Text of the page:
Corporate issuers have access to attractive funding while investors are pleased credit quality is improving. Only debt capital markets bankers are suffering, says Clare O'Callaghan.
Corporate debt capital market bankers have had a difficult job so far this year persuading borrowers that do not need the money to take advantage of the attractive terms on offer.
Supply is down 50% for the first eight months of 2004 compared to the same period last year, according to Barclays Capital. The reason: companies are cash rich and investment growth is subdued.
?We had a bumper year last year with significant new issuance volumes and we expected supply to be down from that level,? says Miles Millard, co-head of cross-product European corporate origination at Deutsche Bank. ?But no one predicted volumes to be as low as they have been.?
At the beginning of the year many people predicted an increase in debt-funded mergers and acquisitions, but that has failed to materialise.
Chris van Niekerk, head of European corporate debt capital markets at Barclays Capital in London, says investment in new projects or M&A is hard to anticipate. ?With signs of a more positive economic backdrop, corporate managements are naturally now considering what their next big investment will be and when they are going to make it,? he says.
?Although it makes sense for corporate treasurers to consider prefunding in good market conditions, they will be more minded to take this route if there is a good level of confidence regarding the likely timing of investment.?
The lack of supply means a number of banks are buying themselves into the market resulting in too many parties chasing too little business, says Justin May, global head of corporate debt capital markets at ABN Amro in London. ?Sole-led MTN trades are dropping between 10 and 20 cents, however some institutions seem willing to pay such costs to buy business,? he says.
Up, up and away?
Frazer Ross, director of debt syndicate at Deutsche Bank in London, says many investors were bearish on credit spreads at the start of the year and did not get involved in new issues.
?They took the view they would be cheaper in the months following their launch,? he says. ?This view has changed as the year has gone on and spreads have continued to rally.?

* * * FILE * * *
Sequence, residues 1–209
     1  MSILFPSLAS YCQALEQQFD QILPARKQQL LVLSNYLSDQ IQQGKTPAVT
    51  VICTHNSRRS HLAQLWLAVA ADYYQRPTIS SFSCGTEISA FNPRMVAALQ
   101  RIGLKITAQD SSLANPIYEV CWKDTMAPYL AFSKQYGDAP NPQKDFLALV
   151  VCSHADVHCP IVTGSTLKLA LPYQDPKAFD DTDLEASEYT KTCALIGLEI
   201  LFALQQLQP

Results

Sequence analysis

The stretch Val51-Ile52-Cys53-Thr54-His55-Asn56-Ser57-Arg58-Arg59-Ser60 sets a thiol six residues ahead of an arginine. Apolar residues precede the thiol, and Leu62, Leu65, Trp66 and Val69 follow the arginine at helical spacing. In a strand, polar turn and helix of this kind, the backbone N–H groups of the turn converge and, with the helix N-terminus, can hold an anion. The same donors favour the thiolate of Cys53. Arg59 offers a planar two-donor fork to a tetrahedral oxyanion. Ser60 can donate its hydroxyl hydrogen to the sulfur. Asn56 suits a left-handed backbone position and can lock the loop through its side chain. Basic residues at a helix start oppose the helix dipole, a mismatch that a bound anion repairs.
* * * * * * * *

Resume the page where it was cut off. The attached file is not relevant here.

Marco Baldini, corporate syndicate official at Barclays Capital in London, identifies the growth of the corporate FRN market as a key trend of 2004.
|Bookrunner league table of euro denominated corporate/utilities debt (January 1-Sep 9, 2004)|
|Rank||Bank||Total (Eu m)||Issues||Share %|
|8||Dresdner Kleinwort Wasserstein||4,245.83||17||4.88|
|9||Credit Suisse First Boston||3,969.08||28||4.56|
|Total of issues used in the table||87,050.08||368||100.00|
?No one thought there was a deep market for 100% risk-weighted FRNs,? he says. ?However, in a rising interest rate environment FRNs make sense regardless of what risk weighting they may have. They have proved liquid instruments and have been widely traded after launch with significant follow-on retail buying especially when trading under par.?
Debut borrowers such as TPSA and Amcor have benefited from the lack of supply and have been able to access the market in smaller sizes.
?In the past it was not possible to come to the market for less than Eu500m and issuers had to invest the excess cash if they only needed Eu300m,? says Deutsche's Ross. ?However, the lack of supply means smaller deals are becoming more accepted.?
Value for money?
Credit spreads are expected to remain stable in the final quarter, with limited room for further tightening.
?If you look at a 12 month spread range for corporates by sector,? ABN's May says, ?with the exception of autos, every sector is at the tightest end of the 12 month range. Valuation concerns are increasingly real. Investors are not looking to increase their appetite for risk at these levels.?
Etienne Gorgeon at Axa Investment Managers in Paris believes picking stocks is less relevant as relative value diminishes. ?We are in a low yield environment, the yield curve is steep and there is a huge amount of liquidity available. [As an investor] we have been longer down the credit curve as spread at the short end went incredibly expensive.?
Gorgeon takes comfort from the low level of defaults and strong cash generation. The cash/debt ratio for non-financial US companies is the highest it has been since 1969, according to Moody's.
While some in the corporate market believe issuers will be unable to ignore the excellent funding conditions on offer in the final quarter, others are less bullish. ?There is no substantial impetus for issuance volumes to increase, unless M&A activity picks up or we witness a significant increase in capex,? May says. ?Redemptions are high but companies are continuing to deleverage and many corporates are now cash rich.?
Bankers, unable to persuade issuers to raise funds they do not need, have sold a number of companies on liability management.
Peter Charles, head of corporate syndicate at Citigroup in London, says there is a greater focus from the syndicate desk and DCM on buybacks, tenders and exchange offers.
Corporates are likely to continue returning excess cash to equity investors through dividends or share or debt buybacks.
?There will be continued liability management activity but we will have to wait for strategic corporate activity to pick up before we see a significant increase in new issuance,? says Charles.